The Supreme Court agreed with Monsanto on Monday that an Indiana farmer’s unorthodox planting of the company’s genetically modified soybeans violated the agricultural giant’s patent.
The court unanimously rejected farmer Vernon Hugh Bowman’s argument that he was not violating Monsanto’s patent because the company’s pesticide-resistent “Roundup Ready” soybeans replicate themselves. Justice Elena Kagan said there is no such “seeds-are-special” exception to the law.
“We think that blame-the-bean defense tough to credit,” Kagan wrote. “Bowman was not a passive observer of his soybeans’ multiplication; or put another way, the seeds he purchased (miraculous though they might be in other respects) did not spontaneously create eight successive soybean crops.”
She added: “Bowman devised and executed a novel way to harvest crops from Roundup Ready seeds without paying the usual premium.”
While the case was about soybeans, the broader issue of patent protection is important to makers of vaccines, software and other products. Corporations were worried about what might happen if the decision had gone the other way.
But, as the justices had indicated at oral arguments in the case, they believed Bowman’s practices threaten the incentive for invention that is at the heart of patent law.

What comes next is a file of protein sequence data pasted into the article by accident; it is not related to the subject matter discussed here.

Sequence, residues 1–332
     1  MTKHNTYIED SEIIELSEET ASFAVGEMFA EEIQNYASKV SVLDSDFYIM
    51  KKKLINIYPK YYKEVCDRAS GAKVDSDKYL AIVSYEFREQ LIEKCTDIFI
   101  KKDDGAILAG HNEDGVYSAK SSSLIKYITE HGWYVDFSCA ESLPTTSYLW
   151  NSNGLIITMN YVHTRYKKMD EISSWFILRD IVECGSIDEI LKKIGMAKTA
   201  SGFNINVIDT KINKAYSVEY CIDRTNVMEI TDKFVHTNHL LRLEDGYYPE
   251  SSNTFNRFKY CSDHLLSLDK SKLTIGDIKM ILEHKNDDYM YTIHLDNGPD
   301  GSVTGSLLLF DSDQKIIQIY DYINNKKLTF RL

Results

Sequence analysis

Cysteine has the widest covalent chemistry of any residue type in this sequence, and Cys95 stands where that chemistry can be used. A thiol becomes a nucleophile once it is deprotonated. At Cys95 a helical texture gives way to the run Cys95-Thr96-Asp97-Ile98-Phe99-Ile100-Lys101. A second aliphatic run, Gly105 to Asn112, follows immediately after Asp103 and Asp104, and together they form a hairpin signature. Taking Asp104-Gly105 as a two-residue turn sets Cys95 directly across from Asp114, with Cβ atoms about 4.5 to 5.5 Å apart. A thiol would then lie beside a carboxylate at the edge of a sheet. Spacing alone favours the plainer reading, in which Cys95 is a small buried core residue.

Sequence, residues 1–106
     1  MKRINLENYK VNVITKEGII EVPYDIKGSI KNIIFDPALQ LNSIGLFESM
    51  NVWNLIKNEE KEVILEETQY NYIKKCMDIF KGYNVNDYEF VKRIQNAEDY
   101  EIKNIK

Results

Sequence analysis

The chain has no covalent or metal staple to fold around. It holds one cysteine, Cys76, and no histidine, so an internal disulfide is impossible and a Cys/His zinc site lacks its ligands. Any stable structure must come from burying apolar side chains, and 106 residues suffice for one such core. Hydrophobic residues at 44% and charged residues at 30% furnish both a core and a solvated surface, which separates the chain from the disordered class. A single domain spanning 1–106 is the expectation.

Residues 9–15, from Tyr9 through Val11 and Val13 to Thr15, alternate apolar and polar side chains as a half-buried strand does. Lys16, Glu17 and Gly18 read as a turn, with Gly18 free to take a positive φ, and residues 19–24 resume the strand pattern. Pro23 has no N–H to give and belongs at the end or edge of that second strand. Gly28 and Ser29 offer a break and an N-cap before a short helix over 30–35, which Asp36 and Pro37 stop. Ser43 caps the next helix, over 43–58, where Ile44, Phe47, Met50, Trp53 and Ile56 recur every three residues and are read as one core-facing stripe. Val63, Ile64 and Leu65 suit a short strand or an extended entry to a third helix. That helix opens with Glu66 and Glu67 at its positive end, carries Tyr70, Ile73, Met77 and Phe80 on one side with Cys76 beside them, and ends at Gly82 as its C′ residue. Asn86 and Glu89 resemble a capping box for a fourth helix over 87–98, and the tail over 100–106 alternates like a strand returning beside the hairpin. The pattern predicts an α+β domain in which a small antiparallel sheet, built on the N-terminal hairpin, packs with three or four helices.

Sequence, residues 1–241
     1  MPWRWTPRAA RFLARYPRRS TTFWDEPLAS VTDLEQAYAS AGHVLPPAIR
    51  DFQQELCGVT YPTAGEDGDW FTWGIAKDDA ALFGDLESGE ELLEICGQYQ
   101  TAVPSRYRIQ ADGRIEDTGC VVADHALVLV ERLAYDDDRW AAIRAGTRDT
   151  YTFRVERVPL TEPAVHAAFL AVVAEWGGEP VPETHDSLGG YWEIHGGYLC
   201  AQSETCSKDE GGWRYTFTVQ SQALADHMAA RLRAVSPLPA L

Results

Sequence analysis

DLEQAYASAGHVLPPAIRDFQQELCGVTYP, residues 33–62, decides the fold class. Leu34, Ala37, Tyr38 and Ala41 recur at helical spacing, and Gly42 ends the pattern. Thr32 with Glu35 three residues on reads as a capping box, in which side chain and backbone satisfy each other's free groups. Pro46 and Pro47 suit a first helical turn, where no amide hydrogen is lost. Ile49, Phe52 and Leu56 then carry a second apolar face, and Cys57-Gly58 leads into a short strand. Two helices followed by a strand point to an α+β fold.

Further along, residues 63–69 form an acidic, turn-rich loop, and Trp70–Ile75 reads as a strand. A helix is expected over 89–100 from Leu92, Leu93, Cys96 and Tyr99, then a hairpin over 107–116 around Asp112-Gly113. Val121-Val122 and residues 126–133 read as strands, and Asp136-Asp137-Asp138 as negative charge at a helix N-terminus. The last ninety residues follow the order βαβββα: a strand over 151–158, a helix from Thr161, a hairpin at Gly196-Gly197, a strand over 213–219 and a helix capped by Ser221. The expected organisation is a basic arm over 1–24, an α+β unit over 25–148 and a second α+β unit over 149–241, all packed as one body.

If someone could copy Monsanto’s product, “a patent would plummet in value after the first sale of the first item containing the invention,” Kagan wrote. “And that would result in less incentive for innovation than Congress wanted.”
Bowman acknowledged that his techniques were unusual.
The farmer purchased Roundup Ready soybeans for his first planting of the year on the 300 acres he farms in southern Indiana. At the time of the purchase, he agreed he would not save seeds from the crop for future planting.
But he did buy commodity soybeans, which are usually used for feed, from the local grain elevator for a second planting. As he hoped, those beans were mostly Roundup Ready — resistent to the weedkiller glyphosate — because that’s what most of his neighbors grow. He saved seed from those crops and bought more commodity beans for subsequent plantings.
Monsanto said Bowman’s planting violated the company’s patent. The U.S. Court of Appeals for the Federal Circuit agreed, rejecting Bowman’s argument that Monsanto’s right to control Bowman’s use of the seed ended when Bowman bought it, a legal concept called patent exhaustion. The court told Bowman to pay nearly $85,000 in damages.
Kagan cautioned that the unanimous ruling only concerned the case at hand, “rather than every one involving a self-replicating product.”
Kagan said the court recognizes “that such inventions are becoming ever more prevalent, complex, and diverse.” But she said the justices did not have to rule on how patent exhaustion would apply in other cases to decide that Bowman had violated the patent.
The case is Bowman v. Monsanto.
Supreme Court rules for Monsanto in genetically modified soybean case